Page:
The scam was as simple as it was Devine. For a mere five bucks the guests at the Georgian Inn could sign on for a midnight trek into the woods. The clincher was the promise of an encounter with a wolf pack and howling that would raise the hairs on the back of their collective necks. The unsuspecting guests didn’t realize that the howls they heard came from the North Country Kennels and Boarding Lodge on the other side of the ridge. Tossing a few venison steaks near the outer fence always set the dogs to howling. On a clear night with a full moon shining, their performance was usually of spine tingling proportions. Jeb used his portion of the money to buy whiskey, while Crocker stashed his score in a jumbo pickle jar, the proceeds of which were to finance his grandkid’s summer adventure.
As Crocker Pettit prepared to leave for his rendezvous with Jeb, his thoughts drifted back to his only son and the sole purpose of the letters he had written. His lone offspring had been a peck of trouble in his own right, what with his free spirit and his wanderlust. “The boy’s a half a bubble off plumb,” people would say. Indeed, you could never get that boy to sit in one place for more than a minute. Even at that, Crocker loved him dearly and sorely missed his company.
Whatever had overcome him that day ten long years ago? What made him stay behind? The children might provide the answer. Perhaps they’d have their father’s spirit of adventure. Only time will tell, he reckoned.
Crocker Pettit slapped the Coonskin cap upon his head, slipped off the porch and sighed, Then, peering at the spackle of glistening stars above his head he remarked, “Right now, I got other fish to fry!”
. . .
The downtown bus rumbled along as if its static suspension sought out the bumps in the road with radar-like efficiency. Continuously jolted, Kevin felt the effect of each hummock vibrate through his entire body. The nose of skateboard deck was tucked uncomfortably under his chin. Kevin’s thinking position.
Kevin marveled at the freedom his mother granted him. Mary Coulter often spoke about her early struggles with life and the sacrifices she made. Now that she had developed her graphic design business into a good money-maker, she wanted Kevin to enjoy some of the rewards. She said she didn’t want him working at some menial minimum wage burger joint, going in and out at all hours, and juggling his homework schedule to make it all work. Mary Coulter proclaimed that Kevin should, “Get out there and work at life, work at being a kid and work at enjoying your high school years.”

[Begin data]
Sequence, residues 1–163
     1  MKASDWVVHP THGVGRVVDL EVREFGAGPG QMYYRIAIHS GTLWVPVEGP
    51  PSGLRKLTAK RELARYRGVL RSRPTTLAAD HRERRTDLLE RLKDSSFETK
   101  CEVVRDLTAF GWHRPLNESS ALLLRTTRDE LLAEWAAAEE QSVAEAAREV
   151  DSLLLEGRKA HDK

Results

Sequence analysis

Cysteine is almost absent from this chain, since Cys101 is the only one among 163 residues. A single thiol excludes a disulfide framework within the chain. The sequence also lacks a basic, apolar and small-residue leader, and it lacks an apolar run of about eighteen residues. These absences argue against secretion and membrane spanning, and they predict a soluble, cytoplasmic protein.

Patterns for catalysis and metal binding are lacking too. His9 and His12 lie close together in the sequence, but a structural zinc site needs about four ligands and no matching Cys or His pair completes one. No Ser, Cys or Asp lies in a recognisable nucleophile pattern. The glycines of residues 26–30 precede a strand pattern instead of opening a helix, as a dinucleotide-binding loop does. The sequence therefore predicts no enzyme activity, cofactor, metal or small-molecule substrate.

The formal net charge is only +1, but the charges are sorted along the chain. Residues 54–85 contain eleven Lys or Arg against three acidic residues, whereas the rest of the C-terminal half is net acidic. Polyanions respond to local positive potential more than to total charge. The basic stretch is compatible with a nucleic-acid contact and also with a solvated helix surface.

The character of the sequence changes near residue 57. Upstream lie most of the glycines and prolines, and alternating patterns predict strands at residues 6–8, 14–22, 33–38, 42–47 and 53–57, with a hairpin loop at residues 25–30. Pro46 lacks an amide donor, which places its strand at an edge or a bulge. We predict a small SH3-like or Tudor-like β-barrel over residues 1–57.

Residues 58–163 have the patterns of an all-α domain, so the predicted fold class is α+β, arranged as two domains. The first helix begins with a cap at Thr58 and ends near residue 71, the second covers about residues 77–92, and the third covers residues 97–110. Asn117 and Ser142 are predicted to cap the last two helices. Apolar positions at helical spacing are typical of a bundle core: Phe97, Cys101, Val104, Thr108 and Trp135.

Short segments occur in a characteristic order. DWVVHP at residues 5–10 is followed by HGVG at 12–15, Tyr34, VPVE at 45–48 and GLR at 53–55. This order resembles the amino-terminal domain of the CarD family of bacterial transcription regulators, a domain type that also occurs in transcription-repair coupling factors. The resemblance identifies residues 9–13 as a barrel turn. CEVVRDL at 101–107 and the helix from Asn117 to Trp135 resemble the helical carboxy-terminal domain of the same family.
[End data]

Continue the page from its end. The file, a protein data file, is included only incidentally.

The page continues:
And, that he surely did. Kevin used his Go-Card bus pass to travel all over Vancouver. Today’s trip was no exception. Now that was freedom.
Time and again, Kevin set out for the skate park whenever he felt tense or under pressure. The Downtown Skateboard Plaza was at the top of his list. This street-style park was built as one of the first of its kind in North America. The park contained twenty-six thousand square feet of covered space and included feature elements like replica rails, embankments, curbs, walls, ramps, steps and open spaces. All of this was sprinkled with a variety of textures and surfaces such as exposed aggregate, brick, concrete, granite and steel. The park was nestled in the southeast corner of Andy Livingstone Park under the Georgia and Dunsmuir Viaducts.
Although the thrill of riding the board, attempting the tricks and the potential for hazardous tumbles got Kevin’s juices flowing, it was the chirping and the kibitzing from fellow skaters that attracted him to the sport. So many of them were like him; adventurous, free spirited and always down-to-earth easy going. He could talk to them like family, especially when he faced a problem like the letter. The folded paper remained tucked deep in his back pocket. Kevin carried it everywhere.
The half-filled bus screeched to a stop at the Pacific Central Station. Kevin decided that he would disembark and skate over to the park. Throwing his board out in front of him, he ran forward and jumped aboard, applying the mongo-foot style he preferred. When he hit the first down slope he took off like a rocket. The polyurethane wheels whirred like a hundred shopping carts. The air flowing through his hair was like a blast of winter wind, chilling him slightly, but providing a rush of adrenalin nevertheless.